Written by Louis DeFelice
If you have a small business or even the idea for one, you may be considering seeking assistance from investors. Investors can provide money, advice, and opportunities which can help your business grow successfully. However, the choice is not one to be made lightly: as with anything, seeking outside investment comes with costs and benefits, a few of which are outlined below.
Pro: Investors contribute money.
The most obvious benefit of seeking and securing investment in your small business is the capital (i.e. money) that you will have access to. That money can be used to build your website, advertise, improve your tools, rent a workspace or shop, and develop your good/service.
The phrase, ‘it takes money to make money’ sums this up pretty well. Access to financial resources will allow you to grow and build your business, increasing your revenue.
Con: You will owe money to your investors.
Unlike a typical loan with a fixed or variable interest rate on which you make payments each month, investment in a company isn’t necessarily debt, it’s equity. You don’t pay back each month the money investors inject, or pay a set interest rate. Rather, investors buy ownership of your company. This means they have equity in your business. When you later sell your company, investors will be entitled to a portion of the money you make from that sale. Similarly, if your company ‘goes public,’ (which means that you offer stock to the public), investors can realize a return on their investment by selling their own ownership, or shares, of your company.
You could also agree to revenue-based financing (RBF), in which investors buy a percentage of your future revenue. They essentially bet on the successful growth of your company, but don’t own any part of it. Instead, they hope for a return on their investment by receiving a percentage of your future revenue. It is up to both of you to negotiate what that percentage is. For example, an investor could contribute $10,000 to your company. You could then commit to paying the investor 6% of your annual revenue after three years of operation until your investor has realized a return that is worth two or three times as much as they invested. RBF investors tend to expect higher-than-average returns due to the excessive risk they assume, making them more expensive than bank loans, but perhaps more accessible.
Owing an investor a distribution or a percentage of your revenue could divert much-needed funds from reinvestment in your business. However, funding your business with the help of an investor can allow your business to become more successful than it would have had you used only your own money.
Pro: Investors contribute ideas.
If you aren’t familiar with the concept of human capital, it’s the value of someone’s skills, knowledge, and experience. An investor contributes their human capital by being available to provide advice that is influenced by their experience in your sector. Particularly in the case of angel investors, who are wealthy individuals or groups making personal investments in small businesses, the relationship is more than a financial one. These investors have an incentive to offer their guidance and social capital in addition to their monetary resources because they are personally invested in the success of your business.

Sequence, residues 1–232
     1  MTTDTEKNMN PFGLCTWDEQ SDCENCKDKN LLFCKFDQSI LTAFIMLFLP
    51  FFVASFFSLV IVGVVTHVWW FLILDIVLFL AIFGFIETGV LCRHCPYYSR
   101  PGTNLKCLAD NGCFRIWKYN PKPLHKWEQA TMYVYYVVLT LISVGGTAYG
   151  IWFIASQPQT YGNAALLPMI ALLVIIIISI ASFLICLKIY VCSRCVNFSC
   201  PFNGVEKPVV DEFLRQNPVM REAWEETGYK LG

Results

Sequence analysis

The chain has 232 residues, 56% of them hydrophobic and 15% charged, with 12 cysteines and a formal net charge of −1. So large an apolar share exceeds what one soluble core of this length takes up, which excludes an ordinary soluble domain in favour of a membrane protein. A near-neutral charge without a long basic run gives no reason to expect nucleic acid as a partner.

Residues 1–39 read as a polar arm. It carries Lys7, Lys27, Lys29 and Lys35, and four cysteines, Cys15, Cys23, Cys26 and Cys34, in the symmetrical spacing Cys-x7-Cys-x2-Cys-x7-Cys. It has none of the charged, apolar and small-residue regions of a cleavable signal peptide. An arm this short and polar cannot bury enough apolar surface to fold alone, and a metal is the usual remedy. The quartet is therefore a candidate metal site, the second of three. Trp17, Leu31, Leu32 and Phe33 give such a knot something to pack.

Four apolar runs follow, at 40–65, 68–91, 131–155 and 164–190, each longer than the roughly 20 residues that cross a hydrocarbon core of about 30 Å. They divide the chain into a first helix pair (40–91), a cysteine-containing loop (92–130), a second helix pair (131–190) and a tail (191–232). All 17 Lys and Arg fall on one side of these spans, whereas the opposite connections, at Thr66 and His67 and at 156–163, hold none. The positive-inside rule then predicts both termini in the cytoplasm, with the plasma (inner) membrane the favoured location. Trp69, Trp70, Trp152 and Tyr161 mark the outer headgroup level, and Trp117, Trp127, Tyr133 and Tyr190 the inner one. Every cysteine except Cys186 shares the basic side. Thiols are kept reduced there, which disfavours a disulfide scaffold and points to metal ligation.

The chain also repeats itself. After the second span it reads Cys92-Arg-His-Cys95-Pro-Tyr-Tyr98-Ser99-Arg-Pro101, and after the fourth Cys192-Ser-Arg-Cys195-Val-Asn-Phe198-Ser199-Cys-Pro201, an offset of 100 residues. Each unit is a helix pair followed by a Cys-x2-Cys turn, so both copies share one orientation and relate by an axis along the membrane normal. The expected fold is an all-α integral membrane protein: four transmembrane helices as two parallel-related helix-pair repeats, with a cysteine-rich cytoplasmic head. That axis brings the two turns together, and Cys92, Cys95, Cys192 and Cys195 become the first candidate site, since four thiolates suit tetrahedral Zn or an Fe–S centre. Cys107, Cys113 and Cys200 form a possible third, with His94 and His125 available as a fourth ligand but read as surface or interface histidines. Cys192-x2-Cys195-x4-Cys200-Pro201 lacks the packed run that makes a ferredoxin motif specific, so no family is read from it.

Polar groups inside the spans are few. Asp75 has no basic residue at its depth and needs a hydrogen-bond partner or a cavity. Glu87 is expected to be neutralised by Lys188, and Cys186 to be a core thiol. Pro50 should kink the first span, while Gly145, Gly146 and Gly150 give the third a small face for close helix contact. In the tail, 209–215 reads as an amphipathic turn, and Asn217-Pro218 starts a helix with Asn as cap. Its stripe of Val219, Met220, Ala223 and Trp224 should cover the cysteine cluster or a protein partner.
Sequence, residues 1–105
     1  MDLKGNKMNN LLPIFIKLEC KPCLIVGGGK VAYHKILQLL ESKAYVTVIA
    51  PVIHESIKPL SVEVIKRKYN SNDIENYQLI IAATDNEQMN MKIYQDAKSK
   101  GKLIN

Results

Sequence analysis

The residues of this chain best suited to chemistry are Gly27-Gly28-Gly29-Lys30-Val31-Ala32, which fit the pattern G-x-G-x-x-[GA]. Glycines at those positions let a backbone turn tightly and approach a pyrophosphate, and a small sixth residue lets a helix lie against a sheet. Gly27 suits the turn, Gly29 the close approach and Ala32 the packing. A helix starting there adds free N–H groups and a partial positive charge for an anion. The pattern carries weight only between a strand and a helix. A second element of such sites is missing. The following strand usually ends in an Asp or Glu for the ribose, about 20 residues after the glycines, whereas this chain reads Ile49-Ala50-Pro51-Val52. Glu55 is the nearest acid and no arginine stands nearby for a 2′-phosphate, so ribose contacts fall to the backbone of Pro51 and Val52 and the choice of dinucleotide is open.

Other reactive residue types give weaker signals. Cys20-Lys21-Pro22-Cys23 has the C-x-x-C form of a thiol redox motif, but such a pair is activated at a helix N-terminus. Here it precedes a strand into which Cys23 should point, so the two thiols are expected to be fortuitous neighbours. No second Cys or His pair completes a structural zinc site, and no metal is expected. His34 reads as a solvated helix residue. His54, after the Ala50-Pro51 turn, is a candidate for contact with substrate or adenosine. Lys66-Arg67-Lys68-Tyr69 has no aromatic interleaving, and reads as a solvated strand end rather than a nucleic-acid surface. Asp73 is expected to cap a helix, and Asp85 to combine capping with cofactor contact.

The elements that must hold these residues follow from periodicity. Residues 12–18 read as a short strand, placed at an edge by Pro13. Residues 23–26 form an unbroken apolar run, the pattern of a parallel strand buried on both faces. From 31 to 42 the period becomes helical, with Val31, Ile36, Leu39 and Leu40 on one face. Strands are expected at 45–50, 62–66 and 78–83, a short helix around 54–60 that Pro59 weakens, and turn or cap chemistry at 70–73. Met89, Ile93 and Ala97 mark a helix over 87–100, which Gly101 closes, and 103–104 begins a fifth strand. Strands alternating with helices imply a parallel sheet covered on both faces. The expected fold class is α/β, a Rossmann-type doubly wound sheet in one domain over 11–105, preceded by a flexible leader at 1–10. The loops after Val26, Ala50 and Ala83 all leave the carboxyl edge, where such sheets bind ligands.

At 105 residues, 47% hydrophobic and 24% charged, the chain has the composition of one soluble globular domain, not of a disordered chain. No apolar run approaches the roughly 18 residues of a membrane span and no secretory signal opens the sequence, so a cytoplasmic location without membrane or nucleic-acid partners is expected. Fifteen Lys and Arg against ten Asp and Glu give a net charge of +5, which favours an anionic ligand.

It is human capital, among other things, that leads experts to recommend that you seek help from several investors, not just one. When you have a diverse group of investors, you have access to a diverse set of networks, opinions, experiences, and areas of expertise. Your business will benefit from the added value of those additional opinions. Furthermore, in the case of a business’s failure, ten investors will lose less individually than a single investor would have lost.
Con: You may not agree with your investors.
While investors can, as we mentioned, provide invaluable intellectual, social, and financial resources, they might also hold a different set of priorities to you. Even when an investor is determined to see your business grow successfully, they are motivated by the end goal of realizing a financial return. For example, an investor may push for the sale of a company while you still wish to grow it independently. (Over the course of Facebook’s creation, Mark Zuckerberg turned down offers to buy the company for as little as $10,000 and as much as $15 billion.)
Because investors take on risk to support your company, and thus have a vested interest in its success, they often receive the right to vote on major company decisions. This shifts the balance of power away from you and can lead to difficulties down the road. Believe it or not, Steve Jobs was kicked out of Apple by the CEO that he hired!
When you give up independence and choose financial support, you give weight to the priorities of others: that can be valuable or an obstacle to your company’s success.
Recap and Conclusion
Hopefully these pros and cons will help you make an informed decision about whether you should seek outside investment in your small business or idea. Remember that access to an investor can entail access to financial and human capital; but it also brings a loss of independence and can lead to disagreements down the road.
About the Author: Louis De Felice runs a blog on personal finance called Wonder, Learn, Invest! Find out more on http://wonderlearninvest.com
Photocredit: Olu Eletu/ source:Kaboompics